Wednesday, 28 November 2012

Graphene: The Future of Computers?

Hannah Bruce Macdonald

Graphene is a one atom thick sheet of pure carbon, with a hexagonal pattern much like graphite. Its structure causes graphene to allow very rapid movement of electrons across the sheet, and it is this property that has caused graphene to be flagged for use in ultra-fast computers. However, the nature of transistors require them to be semi-conductors like Silicon, allowing the circuit to be turned on and off by a band gap in the material. A band gap is a difference in energy between the energy of the electrons and the energy required to conduct, with the band gap being bridged only when the correct amount of external energy is applied. Graphene does not have a band gap and therefore does not semi-conduct. 

Computer chip with over 1 billion transistors
A band gap has been introduced into Graphene before, allowing the application of Graphene to transistors. This has been done using techniques such as adding an insulating layer to the Graphene, reducing its conductivity, or through carving the Graphene into ribbons, where the altered structure allows the current to be turned off more easily. Both these previous techniques have been successful, but are limited in their scope as they only work in transistors above a certain size, as the edges of the ribbons become roughly cut at small sizes, allowing the band gap to disappear.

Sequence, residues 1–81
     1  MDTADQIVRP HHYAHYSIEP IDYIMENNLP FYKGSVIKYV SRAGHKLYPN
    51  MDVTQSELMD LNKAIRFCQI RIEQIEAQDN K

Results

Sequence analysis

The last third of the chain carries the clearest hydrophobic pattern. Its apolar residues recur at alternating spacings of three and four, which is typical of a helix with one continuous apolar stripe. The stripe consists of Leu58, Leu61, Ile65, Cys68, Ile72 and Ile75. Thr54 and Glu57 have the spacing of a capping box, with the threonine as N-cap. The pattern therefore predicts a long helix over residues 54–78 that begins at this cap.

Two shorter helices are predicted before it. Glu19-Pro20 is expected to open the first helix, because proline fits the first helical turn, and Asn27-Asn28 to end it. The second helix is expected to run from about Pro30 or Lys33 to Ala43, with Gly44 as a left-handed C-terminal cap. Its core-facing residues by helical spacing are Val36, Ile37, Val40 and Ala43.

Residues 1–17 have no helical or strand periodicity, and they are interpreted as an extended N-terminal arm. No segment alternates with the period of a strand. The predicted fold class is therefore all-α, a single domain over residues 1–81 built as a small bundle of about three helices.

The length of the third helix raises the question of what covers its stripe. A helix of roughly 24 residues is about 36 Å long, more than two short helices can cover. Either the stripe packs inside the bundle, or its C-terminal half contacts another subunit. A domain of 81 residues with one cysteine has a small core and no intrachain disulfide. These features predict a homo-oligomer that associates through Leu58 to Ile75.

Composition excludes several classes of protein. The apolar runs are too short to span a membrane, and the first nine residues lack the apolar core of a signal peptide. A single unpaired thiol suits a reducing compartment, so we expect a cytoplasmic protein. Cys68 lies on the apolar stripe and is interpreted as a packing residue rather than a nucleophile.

New research carried out at the Georgia Institute of Technology has found that graphene sheets designed with a rippling surface could be used for transistors. The troughs in the rippled surface mimic the ribbon, but as it is made of one continuous sheet, the issue of the edges of the ribbons has been bypassed. The parallel trenches are 18nm deep and have a band gap of 0.5 electron volts. This development has opened up the opportunity for graphene to replace silicon in transistors in the future, but there is still plenty of research to be done into the band gap, to produce the ideal sized graphene ripple. This potential shift from silicon to graphene transistors could push Moore’s Law to its limits, as the law states that processor speeds and the number of transistors on a computer chip would double every two years.

Will rippling the surface of graphene make them the ultimate transistor?